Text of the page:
Wednesday, 22 August 2012

EDD concludes Environment Awareness Program in South India

The team of researchers of Environment and development desk of DIIR successfully concluded its month-long awareness program among the monastic and lay Tibetan communities in the five settlements in south India.

Recently, EDD concluded its awareness program in south India during a hall-packed gathering in Camp 4 of Mundgod Doeguling Tibetan settlement. The month-long program was well received by people from different walks of life and was well attended by a total of around 5,800 people in five major Tibetan settlements in south India including Bylakuppe Lugsung Samdupling, Bylakuppe Dickyi Larsoe, Hunsur Rabgyeling, Kollegal Dhondenling and Mundgod Doeguling.

Around 4500 monks and nuns were also educated during this awareness program. Some of major monasteries including Sera Monastery, Tashi Lhunpo Monastery, Gyurmed Monastery, Dzongkar Choede Monastery, Ganden Monastery and Drepung Monastery in different settlements were also covered. In some of the monasteries, monks approached to share concerns of environmental degradation in their hometown back in Tibet.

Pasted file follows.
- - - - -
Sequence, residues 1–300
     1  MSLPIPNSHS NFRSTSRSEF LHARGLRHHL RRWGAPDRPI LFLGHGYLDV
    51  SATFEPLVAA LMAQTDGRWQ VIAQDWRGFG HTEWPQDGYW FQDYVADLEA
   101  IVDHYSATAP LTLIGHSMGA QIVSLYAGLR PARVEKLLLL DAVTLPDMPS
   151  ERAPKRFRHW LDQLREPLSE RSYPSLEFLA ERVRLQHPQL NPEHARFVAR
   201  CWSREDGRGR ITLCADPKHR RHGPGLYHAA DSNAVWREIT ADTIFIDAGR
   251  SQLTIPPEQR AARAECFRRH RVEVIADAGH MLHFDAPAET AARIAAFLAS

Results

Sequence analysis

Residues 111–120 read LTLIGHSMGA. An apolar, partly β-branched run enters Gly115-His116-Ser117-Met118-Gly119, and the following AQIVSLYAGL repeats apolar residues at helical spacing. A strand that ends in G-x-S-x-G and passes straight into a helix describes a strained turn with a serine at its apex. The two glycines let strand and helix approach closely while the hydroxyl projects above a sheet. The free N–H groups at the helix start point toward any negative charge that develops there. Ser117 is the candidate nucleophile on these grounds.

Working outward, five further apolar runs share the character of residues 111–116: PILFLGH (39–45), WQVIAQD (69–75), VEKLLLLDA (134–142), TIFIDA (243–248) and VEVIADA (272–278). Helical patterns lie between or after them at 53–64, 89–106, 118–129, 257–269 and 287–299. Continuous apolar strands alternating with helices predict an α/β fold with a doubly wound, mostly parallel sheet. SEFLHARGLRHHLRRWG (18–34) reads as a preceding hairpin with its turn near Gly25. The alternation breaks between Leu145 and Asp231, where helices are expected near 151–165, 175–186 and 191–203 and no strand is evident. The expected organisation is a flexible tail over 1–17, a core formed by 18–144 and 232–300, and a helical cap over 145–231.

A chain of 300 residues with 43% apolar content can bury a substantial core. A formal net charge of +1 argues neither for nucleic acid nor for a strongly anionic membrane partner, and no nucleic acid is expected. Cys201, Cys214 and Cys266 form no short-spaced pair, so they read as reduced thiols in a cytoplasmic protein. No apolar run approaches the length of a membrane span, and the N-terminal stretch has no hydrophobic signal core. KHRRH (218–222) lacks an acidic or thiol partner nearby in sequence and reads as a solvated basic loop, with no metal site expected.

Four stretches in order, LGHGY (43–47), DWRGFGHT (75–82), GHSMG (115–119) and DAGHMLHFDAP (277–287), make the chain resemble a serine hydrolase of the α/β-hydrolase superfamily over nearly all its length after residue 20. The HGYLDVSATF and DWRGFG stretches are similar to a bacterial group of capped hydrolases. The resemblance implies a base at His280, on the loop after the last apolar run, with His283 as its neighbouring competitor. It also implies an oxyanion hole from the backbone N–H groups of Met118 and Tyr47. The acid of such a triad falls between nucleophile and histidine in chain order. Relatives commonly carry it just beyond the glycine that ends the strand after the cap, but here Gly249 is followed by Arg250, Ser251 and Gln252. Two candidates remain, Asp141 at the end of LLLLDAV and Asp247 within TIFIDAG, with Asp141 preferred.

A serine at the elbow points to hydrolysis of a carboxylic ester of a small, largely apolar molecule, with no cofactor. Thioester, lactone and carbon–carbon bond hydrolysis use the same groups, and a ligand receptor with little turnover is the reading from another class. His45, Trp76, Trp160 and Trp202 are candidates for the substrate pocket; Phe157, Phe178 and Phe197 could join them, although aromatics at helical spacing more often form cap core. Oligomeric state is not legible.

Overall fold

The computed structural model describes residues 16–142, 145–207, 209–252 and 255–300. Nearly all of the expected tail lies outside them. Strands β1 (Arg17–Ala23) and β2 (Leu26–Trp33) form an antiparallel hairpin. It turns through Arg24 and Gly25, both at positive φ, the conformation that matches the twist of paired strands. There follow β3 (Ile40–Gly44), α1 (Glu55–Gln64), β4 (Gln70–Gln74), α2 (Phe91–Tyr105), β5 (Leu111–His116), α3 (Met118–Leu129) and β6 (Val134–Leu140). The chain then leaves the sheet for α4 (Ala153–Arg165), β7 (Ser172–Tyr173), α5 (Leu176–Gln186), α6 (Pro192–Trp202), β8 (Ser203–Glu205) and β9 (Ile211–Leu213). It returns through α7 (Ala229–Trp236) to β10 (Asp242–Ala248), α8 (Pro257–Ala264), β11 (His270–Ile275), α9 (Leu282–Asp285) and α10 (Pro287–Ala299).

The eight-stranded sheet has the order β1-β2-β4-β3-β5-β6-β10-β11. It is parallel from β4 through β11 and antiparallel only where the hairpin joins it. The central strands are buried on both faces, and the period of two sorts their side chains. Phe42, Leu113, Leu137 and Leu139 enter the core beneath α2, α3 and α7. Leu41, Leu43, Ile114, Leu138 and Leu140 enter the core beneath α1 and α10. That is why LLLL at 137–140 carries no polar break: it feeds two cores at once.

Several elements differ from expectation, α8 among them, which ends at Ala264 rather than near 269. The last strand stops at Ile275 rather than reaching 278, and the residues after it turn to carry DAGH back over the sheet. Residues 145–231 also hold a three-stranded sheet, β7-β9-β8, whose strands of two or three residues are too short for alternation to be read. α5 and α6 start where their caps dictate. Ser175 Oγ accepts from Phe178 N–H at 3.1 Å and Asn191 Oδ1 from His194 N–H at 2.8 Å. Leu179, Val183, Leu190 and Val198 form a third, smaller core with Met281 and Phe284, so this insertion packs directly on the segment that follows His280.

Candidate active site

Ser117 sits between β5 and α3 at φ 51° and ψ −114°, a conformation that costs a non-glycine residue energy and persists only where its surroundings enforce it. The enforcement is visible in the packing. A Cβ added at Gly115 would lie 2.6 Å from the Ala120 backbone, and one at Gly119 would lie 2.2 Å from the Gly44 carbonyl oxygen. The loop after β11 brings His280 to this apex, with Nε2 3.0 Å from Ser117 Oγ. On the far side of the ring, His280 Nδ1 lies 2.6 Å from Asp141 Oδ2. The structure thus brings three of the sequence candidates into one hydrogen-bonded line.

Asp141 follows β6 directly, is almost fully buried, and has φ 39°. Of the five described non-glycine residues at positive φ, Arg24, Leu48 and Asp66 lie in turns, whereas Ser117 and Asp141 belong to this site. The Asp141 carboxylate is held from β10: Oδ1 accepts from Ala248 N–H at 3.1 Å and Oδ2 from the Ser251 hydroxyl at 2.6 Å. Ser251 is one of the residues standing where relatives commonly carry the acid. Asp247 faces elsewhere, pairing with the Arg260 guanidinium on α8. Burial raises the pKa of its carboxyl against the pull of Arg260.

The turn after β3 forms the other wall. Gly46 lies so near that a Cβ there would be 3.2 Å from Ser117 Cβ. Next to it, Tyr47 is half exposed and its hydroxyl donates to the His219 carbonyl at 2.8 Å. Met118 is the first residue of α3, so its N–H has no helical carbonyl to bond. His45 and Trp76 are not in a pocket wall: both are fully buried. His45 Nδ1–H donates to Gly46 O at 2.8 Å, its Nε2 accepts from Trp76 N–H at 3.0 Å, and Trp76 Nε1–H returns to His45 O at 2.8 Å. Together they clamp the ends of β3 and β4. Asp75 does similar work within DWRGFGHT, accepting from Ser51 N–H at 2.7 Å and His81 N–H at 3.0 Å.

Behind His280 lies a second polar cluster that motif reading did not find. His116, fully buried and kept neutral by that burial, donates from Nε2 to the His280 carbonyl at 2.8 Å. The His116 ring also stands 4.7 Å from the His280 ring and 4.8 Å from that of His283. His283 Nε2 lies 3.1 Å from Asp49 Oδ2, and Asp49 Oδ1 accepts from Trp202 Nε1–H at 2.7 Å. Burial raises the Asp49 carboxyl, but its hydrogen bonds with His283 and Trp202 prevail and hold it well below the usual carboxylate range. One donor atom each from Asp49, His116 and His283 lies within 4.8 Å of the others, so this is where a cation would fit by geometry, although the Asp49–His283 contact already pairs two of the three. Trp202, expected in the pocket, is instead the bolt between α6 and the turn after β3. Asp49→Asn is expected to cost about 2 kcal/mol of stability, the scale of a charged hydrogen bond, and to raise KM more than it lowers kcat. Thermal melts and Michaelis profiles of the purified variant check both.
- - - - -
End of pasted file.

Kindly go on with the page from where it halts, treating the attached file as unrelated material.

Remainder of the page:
A total of 31 separate talks were held in different camps and monasteries during this intensive awareness program. The talk was presented with visual aids and discussed the multi-faceted environmental concerns facing the Tibetan plateau including melting of glaciers; degradation of permafrost layer; drying up of lakes; impact on river hydrology; degradation of grassland and removal of Tibetan nomads; and Chinese government's policies to exploit Tibet for its natural resources and large-scale commercialization.

A senior monk of Sera Monastery seeking more information about construction of hydro-dams

Tashi Lhunpo Monastery, Bylakuppe Tibetan Settlement

A group of Tibetan residents in Hunsur Rabgyaling Tibetan settlement
An awareness session in Kollegal Dhondenling Tibetan settlement

Monks of Sakya Monastery listening patiently to the presentation, Mundgod Doeguling Settlement

Tibetan of Camp 2 and 9 of Mundgod Doeguling Settlement reacting to a question by the speaker

Hundreds of nuns from Jangchup Choeling Nunnery (Mundgod Doeguling Settlement) were also educated

Around 1500 monks of Drepung Monasteries (Mundgod Doeguling Settlement) attending an early morning session at Drepung Lachi monastery

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